OLED is the first screen technology here that breaks away from the original LCD format. Rather than using a backlight and layers of liquid crystals with polarising filters, OLED takes an entirely different approach. When a charge is passed through the panel, you get light. This makes OLED ‘self-emitting’, eliminating the need for a backlight. It gives individual pixel control and it’s this that creates OLED’s legendary contrast capability and unbeatable depth. OLED TVs also have a much wider viewing angle. The simpler design, without backlighting, makes the panels much thinner than LED-based ones – take a look at the ultra-thin LG Gallery models, for example. It’s not a cheap technology however and, due to their backlighting, QLED and QNED screens make a better choice in very bright rooms.
Bring together Quantum Dot and OLED and you get… QD – OLED. The name might lack originality but the technology certainly does not. Fresh from its 2022 launch, QD – OLED is a Samsung Display innovation that’s also used by Sony. Taking OLED as its basis, QD – OLED uses a blue lighting panel. Each pixel is composed of red, green and blue subpixels. The blue subpixels simply allow the blue light to pass through. The red and green subpixels, however, are created with quantum dots, giving you exceptional colour reproduction. QD – OLED really is a ‘best of all worlds’ technology. You still get the outstanding contrast and depth that OLED is famous for, but its main downsides of below par brightness and colour vibrancy are overcome by the addition of quantum dots. If you’ve ever found an OLED TV a bit lacking in a brighter room, the QD version should make all the difference. Lifelike, vivid colour, deep blacks, wide viewing angles and thin panels – it’s not hard to see the huge appeal of this tech. Despite its all-round brilliance, however, there’s a new technology on the horizon that has even QD – OLED looking over its shoulder…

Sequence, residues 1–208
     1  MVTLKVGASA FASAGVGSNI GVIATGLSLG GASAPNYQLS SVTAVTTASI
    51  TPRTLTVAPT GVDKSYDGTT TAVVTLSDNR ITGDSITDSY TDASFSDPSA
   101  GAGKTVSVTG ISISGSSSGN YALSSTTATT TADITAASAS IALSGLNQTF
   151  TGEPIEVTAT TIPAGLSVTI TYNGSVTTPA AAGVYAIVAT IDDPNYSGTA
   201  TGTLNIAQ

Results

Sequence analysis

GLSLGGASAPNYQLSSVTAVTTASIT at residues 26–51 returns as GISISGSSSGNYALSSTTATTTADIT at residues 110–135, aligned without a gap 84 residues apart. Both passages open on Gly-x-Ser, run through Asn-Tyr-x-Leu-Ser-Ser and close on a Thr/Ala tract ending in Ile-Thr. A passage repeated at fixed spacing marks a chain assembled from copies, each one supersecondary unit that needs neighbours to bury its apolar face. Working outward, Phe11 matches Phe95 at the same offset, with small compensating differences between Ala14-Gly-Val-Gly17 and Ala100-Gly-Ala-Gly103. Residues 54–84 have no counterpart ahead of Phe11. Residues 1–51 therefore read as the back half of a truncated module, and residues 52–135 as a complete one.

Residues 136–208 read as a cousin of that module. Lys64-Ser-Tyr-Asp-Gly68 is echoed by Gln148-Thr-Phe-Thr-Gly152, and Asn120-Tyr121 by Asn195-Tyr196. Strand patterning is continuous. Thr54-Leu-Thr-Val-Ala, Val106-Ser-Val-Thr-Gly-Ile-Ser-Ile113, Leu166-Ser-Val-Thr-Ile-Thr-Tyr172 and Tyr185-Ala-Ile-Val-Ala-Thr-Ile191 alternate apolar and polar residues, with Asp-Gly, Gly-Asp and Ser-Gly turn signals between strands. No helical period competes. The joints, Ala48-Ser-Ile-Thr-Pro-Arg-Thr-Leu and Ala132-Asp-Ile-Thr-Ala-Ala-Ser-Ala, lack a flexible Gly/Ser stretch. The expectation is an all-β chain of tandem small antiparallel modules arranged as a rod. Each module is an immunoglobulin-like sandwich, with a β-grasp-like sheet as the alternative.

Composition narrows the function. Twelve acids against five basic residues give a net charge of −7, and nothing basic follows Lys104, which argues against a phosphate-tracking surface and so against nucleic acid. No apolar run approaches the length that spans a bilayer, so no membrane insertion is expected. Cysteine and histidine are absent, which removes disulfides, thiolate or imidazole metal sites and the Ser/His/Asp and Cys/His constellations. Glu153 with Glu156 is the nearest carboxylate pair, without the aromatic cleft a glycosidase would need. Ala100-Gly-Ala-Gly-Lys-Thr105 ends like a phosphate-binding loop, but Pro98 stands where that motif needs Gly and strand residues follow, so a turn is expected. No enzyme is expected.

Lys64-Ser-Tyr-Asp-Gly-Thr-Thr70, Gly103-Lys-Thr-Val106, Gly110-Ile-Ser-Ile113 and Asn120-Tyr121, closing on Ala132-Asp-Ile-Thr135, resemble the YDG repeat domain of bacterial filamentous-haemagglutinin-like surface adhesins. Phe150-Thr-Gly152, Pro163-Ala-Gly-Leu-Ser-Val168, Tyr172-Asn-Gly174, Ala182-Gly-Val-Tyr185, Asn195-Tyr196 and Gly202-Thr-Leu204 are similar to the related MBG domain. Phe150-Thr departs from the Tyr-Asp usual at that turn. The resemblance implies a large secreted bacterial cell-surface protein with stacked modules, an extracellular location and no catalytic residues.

Micro LED is a cutting-edge technology, promising to outperform even QD – OLED. Like OLED, Micro LED features individual pixel lighting. The way these are lit, though, is very different. Rather than using an organic material layer, each pixel is lit by red, green and blue LEDs. A 4K screen with over 8 million pixels is going to need an awful lot of LEDs – around 25 million in fact! Now you can see why they’re called ‘micro’ LEDs. Micro LED has the potential to transform TV technology. On the one hand you have the individual pixel lighting that makes OLED and QD – OLED so impressive. On the other, you get the efficiency of LED technology; including improved brightness, lower power consumption and longer life. As with nearly all brand new technologies, it will take a while for prices to fall. Also, compressing this number of LEDs into smaller TVs is especially difficult, which is why the technology will first feature in screens larger than 75 inches.
With so many options out there, we think there’s a perfect TV for everyone, so check out our TV selection here. But seeing is believing, which is why we’d also highly recommend visiting your local Richer Sounds, to see the technology in action.